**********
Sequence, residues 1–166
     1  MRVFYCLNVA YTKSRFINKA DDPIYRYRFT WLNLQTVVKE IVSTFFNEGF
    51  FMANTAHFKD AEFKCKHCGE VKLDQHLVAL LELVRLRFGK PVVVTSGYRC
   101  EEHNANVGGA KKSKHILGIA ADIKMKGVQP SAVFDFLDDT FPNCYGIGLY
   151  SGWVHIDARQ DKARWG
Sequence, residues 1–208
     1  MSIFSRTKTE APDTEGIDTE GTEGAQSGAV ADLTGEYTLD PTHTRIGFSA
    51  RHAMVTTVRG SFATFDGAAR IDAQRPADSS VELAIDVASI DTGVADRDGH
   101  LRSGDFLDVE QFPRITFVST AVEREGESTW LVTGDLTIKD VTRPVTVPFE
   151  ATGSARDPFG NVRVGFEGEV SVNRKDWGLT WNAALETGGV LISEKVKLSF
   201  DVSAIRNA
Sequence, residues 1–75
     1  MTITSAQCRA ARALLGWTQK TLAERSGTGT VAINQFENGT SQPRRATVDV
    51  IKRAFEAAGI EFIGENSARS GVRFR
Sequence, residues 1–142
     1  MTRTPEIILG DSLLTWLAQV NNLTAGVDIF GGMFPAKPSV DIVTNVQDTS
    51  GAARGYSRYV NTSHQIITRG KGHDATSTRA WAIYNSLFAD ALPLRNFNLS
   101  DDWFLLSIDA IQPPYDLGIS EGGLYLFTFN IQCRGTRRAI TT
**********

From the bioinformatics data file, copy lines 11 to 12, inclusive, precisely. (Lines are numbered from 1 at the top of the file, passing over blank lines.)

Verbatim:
   201  DVSAIRNA
Sequence, residues 1–75